Fiduciary irresponsibility - My brother put mom's trust in EJ. When I got part of it, the advisor called and said "Oh, Ebola, the world is ending..." I said "I'll get back to you after I talk to my brother" of course not planning on responding to the advisor's idiocy. But, the advisor sold all my stock, of course to his great advantage. I have been fighting this for over a year going up the chain and to a pro bono lawyer (it's not enough to hire a real lawyer) and EJ just does not respond to the lawyer's requests. But also offers no explanation for not having my permission to touch my money. Even the SEC won't help, and I reported it to Virginia and they haven't responded in over a year. What can I do?
Edward Jones offices around the country hang plaques that tout Edward Jones as winner of JD Power and Associate's "One of the Best Companies to Work For." I'm sure they are great to work for because they have a heck of a business model that benefits from an endless stream of investor newbies, directing them to buy investments at a premium allowing them to profit enormously. At the end of the day it's their client that pays the overhead for their 11,500 brick and mortar branch offices across the country, the sports domes, the billboards, the TV commercials. I wish EJ was publicly traded, they would probably be a great investment ($6.28 billion in revenue in 2014), although arguably not an ethical one.
While I don't think my Edward Jones adviser (a friend of the family actually) ever set out to intentionally do me wrong, the company is structured so that advisers are commission based salesmen. They are encouraged to promote mutual funds like American Funds which have ridiculous loading fees of 5.75% ( For every 10k you invest, you lose $575 from the get-go that won't be growing over the next 10, 20 or 30 years) and on-going high expense ratios that skim money from your holding whether the fund is performing well or not. They will tell you that choosing "Class A Shares" with loading fees is good because these funds have no sales fees later and lower expense ratios than Class C shares, and if you are to hold funds for a long time, in the long run this is better. While this Class A vs C is true of American Funds, what they don't tell you is that other fund families have no loading fees and lower expense ratios as American funds class A shares.. American Funds has very cozy relationship with EJ - they get a commission on the loading fees AND on the high expense ratios you pay (even with Class A shares) are partially comprised of whats called 12b-1 fees - that's an ongoing finders fee that American Funds is kicking back to EJ for getting you into their fund! If you are savvy enough to choose your own investments and buy mutual funds not associated with EJ, they are still going to take commissions far greater than other brokerage firms.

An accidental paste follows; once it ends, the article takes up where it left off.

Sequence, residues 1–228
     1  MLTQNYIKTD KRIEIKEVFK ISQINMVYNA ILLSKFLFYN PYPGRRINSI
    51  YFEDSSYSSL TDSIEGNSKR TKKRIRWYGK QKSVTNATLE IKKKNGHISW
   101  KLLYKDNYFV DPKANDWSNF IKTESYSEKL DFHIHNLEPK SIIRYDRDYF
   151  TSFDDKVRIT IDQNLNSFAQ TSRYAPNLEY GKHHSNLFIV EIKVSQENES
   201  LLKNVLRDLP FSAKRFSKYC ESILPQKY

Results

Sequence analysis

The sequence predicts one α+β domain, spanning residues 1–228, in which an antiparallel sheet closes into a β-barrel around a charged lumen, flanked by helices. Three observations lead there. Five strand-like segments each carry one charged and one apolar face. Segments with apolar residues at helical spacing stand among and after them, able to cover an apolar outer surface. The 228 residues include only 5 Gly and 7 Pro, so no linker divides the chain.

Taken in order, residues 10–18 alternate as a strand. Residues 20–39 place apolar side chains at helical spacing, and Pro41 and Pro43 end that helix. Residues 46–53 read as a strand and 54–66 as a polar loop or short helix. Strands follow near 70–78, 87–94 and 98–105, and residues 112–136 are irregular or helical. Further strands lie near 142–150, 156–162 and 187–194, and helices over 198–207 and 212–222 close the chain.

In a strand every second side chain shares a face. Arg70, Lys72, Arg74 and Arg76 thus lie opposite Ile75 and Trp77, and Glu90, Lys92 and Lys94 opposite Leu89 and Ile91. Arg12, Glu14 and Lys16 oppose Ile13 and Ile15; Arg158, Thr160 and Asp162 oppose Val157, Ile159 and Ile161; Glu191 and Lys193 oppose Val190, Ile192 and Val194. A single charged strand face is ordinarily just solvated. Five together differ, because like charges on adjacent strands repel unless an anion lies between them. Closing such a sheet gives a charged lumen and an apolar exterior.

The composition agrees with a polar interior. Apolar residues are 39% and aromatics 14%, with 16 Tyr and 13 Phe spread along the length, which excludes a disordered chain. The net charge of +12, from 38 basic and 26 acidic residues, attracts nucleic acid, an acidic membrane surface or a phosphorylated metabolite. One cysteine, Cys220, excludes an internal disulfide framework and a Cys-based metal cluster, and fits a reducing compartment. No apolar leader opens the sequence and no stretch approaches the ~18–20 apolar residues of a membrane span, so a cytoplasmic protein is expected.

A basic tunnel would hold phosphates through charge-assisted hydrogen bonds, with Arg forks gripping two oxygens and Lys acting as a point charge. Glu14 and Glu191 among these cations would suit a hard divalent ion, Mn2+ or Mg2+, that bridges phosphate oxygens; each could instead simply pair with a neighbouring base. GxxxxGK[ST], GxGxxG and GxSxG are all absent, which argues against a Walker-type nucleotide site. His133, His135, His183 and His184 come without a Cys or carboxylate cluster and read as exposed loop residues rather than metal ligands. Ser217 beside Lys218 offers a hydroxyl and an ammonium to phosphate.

Any stocks you buy have ridiculously high commission rates (2% taken) at both the time you Buy and Sell. That's like buying stock on Wednesday and stock immediately dropping 2%. On top of that Edward Jones then takes 2% of all your dividend earnings when you have selected to have your dividends reinvested into the same stock or any other fund. That's money they take as a commission for a process that is fully automated and as far as I know this commission on divined earnings is not something any other major brokerage firm does.
To add insult to injury, EJ has all these other little charges that add up, annual account charges and even a monthly fee if your checking account drops below $2000.